Deployment of weapons or troops in Ukraine by Nato would trigger strong response, Russian president says
Vladimir Putin has warned Nato countries that deploying weapons or soldiers to Ukraine would cross a “red line” for Russia and trigger a strong response, including a potential deployment of Russian missiles targeting Europe.
Nato countries have warned Putin against further aggression against Ukraine as foreign ministers gathered in Latvia to discuss the military alliance’s contingencies for a potential Russian invasion.
Tensions have soared following a buildup of nearly 100,000 Russian troops, as well as tanks, artillery, and even short-range ballistic missiles, within striking distance of Ukraine’s borders.
While a similar crisis played out over a Russian troop buildup in April, officials from the US and Ukraine have warned that the threat of a Russian offensive this winter remains very real because of a failing ceasefire agreement and a worsening political climate.
In his most expansive comments on the crisis yet, the Russian president on Tuesday complained of Nato’s historical expansion to Russia’s borders and warned that substantial Nato military support for Ukraine would cross a “red line” for Russia.
“You asked about Ukraine, where are these red lines?” he said in televised remarks during an investment conference. “They are above all in the creation of threats to us which could come from [Ukraine].”
In particular, he warned against the stationing in Ukraine of missile defence systems similar to those in Romania and Poland. Putin claimed they could serve as cover to deploy offensive weapons such as Tomahawk missiles capable of reaching Moscow in minutes.
“We would have to create a similar threat for those who are threatening us,” he said, warning that Russia could deploy hypersonic missiles. “And we can do that already now,” he added.
Putin’s remarks seemed designed to echo the fears of Europe’s cold war missile crises. Nato countries such as the United States have supplied Kyiv with military aid, including lethal weapons like Javelin anti-tank missiles. But aside from isolated discussions among lawmakers, there are no plans to station air defence batteries in Ukraine.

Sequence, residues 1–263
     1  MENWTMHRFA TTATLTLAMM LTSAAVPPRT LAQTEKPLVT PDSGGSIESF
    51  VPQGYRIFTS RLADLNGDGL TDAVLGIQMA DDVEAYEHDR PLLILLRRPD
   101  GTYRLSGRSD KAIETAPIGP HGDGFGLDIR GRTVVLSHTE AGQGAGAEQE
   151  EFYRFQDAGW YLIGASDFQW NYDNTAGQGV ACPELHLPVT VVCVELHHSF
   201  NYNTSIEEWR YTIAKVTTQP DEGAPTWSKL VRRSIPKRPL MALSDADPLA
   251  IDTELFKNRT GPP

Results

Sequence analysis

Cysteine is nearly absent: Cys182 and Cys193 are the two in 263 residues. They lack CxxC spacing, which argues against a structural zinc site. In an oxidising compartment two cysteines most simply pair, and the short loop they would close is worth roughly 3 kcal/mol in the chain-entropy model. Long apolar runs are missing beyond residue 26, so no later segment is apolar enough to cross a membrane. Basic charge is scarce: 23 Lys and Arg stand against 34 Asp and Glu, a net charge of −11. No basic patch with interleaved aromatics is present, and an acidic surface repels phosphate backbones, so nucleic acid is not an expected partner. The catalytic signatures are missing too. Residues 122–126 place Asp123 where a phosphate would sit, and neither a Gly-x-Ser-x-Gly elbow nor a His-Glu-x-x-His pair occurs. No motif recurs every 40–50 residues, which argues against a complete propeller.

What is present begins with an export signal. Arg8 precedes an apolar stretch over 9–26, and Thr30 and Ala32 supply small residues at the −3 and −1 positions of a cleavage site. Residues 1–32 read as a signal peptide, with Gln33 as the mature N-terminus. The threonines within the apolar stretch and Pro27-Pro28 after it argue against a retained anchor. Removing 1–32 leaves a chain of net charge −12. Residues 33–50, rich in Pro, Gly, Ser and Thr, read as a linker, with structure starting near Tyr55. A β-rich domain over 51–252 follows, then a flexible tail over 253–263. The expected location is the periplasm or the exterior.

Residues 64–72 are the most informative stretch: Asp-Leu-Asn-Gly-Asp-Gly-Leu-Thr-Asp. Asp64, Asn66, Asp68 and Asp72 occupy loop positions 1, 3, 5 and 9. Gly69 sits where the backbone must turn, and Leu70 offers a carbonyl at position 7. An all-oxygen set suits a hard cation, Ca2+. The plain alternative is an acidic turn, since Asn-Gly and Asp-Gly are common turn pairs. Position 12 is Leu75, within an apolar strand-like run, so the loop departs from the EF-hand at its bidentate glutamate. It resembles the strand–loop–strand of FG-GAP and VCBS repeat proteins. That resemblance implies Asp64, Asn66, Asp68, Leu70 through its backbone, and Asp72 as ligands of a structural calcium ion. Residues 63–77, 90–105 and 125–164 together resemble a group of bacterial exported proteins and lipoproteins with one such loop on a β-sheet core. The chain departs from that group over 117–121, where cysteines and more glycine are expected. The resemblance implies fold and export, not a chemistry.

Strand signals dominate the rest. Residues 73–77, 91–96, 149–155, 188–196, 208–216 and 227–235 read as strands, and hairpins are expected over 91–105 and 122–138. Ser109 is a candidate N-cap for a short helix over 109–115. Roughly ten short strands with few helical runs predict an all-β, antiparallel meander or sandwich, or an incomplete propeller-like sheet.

In Riga, the capital of Latvia, the US secretary of state, Antony Blinken, said on Tuesday that the west was on alert over Russia’s “increasingly bellicose rhetoric” and “unusual” troop movements.
“Any escalatory actions by Russia would be a great concern to the United States … and any renewed aggression would trigger serious consequences,” he told reporters ahead of Tuesday’s talks.
Western countries have sanctioned Russia for sending its soldiers and heavy weapons to fight in south-east Ukraine, where more than 14,000 people have been killed since 2014.
Since 2017, Nato has deployed four international battalion groups to Poland and to the Baltic countries of Estonia, Latvia, and Lithuania, in order to deter Russia from launching an attack.
The UK foreign secretary, Liz Truss, met British soldiers stationed in Estonia on Tuesday. She called the country, which borders Russia, the “frontier of freedom”.
“Britain stands with our @NATO allies to defend liberty and democracy and counter malign threats,” she wrote in a tweet. Speaking to reporters, she added: “Any action by Russia to undermine the freedom and democracy that our partners enjoy would be a strategic mistake.”
Across, the border, Russian officials hurled accusations at Nato countries, saying that they had been forced to send troops to the borders with Ukraine and Belarus because of Nato’s aggressive posture.
Sergei Lavrov on Tuesday compared the situation in Ukraine to that of Georgia in 2008, indicating Russia would be ready to launch a larger war over its support of the separatist territories it controls in Ukraine.
Fyodor Lukyanov, an expert on Russian foreign policy, wrote last week that Russia was seeking guarantees that Ukraine would never join Nato even in an an unofficial capacity as an ally against Russia.
Belarus has also threatened to join Russia if war breaks out with Ukraine. Minsk on Monday announced it would hold joint military exercises with Russia on Belarus’ southern borders. It claimed they were provoked by Ukraine’s deployment of troops to the border area due to the growing migration crisis sparked by the Belarusian leader, Alexander Lukashenko.
In remarks on Tuesday, Lukashenko said he was ready for the country to host Russian nuclear missiles if western countries were to do similar.
“We are ready for this in Belarus,” he told an interviewer from Russian state television, adding that he believed the infrastructure like silos for holding nuclear weapons was in working order.